Question: We’re requiring employees, contractors, and visitors to our facility to provide their temperatures and answer health screening questions. Do we have to keep records of the answers, and if so, for how long?
Answer: There’s no legal obligation to create a written record of actual temperatures or answers to a health screening questionnaire. However, companies who conduct such temperature checks or health screenings should check off names or otherwise verify that every person entering the area has complied. It may be a good idea for purposes of contact tracing or possibly defending against a lawsuit to keep those checklists, but there’s no legal duty to keep a record of the answers. A written record of an employee’s temperature check or completed health screening questionnaire qualifies as an “employee medical record” under OSHA’s record retention regulations at 29 CFR 1910.1020 if it’s “made or maintained by a physician, nurse, or other health care personnel or technician….” If the person making such an employee record is one of those health care professionals, OSHA requires employers to keep the records for the duration of each affected employee’s employment plus 30 years. If the person making the records is an HR person, administrator, or supervisor who isn’t a health care professional as defined by OSHA, then OSHA’s record retention rules don’t apply. Instead, the Americans with Disabilities Act (ADA) would apply, which requires employers to retain employee medical records for at least one year after the records are created.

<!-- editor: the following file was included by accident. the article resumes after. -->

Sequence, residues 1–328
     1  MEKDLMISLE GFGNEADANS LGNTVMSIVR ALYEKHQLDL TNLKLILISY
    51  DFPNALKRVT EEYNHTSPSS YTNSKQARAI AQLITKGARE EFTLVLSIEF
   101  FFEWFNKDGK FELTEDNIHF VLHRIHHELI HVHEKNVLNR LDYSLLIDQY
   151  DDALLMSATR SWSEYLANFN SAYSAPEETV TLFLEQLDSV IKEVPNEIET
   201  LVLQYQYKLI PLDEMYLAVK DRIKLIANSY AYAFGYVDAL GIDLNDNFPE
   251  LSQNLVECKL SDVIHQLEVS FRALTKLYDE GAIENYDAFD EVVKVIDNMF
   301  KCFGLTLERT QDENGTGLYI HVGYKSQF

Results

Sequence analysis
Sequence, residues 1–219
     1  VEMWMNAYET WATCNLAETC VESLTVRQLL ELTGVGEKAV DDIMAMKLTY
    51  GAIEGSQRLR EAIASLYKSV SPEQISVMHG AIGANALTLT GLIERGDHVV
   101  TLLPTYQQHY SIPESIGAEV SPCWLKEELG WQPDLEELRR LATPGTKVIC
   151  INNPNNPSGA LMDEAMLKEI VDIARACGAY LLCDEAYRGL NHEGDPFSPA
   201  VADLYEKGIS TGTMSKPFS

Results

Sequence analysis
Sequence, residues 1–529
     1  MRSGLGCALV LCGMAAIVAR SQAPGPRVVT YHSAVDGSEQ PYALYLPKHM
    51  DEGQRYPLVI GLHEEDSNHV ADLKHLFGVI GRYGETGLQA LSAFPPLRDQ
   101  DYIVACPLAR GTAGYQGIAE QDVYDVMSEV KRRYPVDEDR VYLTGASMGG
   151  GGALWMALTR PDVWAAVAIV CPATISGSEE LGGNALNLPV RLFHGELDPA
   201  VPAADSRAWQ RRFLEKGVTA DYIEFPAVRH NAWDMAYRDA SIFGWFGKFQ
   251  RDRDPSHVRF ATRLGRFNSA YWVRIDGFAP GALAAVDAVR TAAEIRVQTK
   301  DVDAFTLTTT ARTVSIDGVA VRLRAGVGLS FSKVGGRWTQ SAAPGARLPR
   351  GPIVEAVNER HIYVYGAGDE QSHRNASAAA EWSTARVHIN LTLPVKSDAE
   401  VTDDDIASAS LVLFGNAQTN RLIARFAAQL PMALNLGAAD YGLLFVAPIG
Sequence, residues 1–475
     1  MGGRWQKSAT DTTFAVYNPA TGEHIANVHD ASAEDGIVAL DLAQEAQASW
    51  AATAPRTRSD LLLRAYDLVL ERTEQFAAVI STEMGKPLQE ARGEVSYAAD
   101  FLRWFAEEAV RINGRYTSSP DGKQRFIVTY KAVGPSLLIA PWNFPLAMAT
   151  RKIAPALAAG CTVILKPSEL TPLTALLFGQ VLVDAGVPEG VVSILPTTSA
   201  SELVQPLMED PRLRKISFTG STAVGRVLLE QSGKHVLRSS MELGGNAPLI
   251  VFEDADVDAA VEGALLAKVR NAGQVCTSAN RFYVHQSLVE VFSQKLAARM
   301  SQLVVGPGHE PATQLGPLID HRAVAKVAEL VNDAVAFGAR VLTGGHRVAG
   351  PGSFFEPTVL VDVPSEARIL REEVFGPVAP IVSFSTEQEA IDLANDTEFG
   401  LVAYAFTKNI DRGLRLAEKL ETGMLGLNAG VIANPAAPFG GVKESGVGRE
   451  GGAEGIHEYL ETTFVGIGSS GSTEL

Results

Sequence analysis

Be sure to store all employee medical records in a file separate from the personnel file. Also, under privacy laws, you must keep all employee medical information strictly confidential and disclose it only to those with a business need to know. For more information about recordkeeping requirements, see our Legal Guide, Record Retention or contact your Vigilant Law Group employment attorney.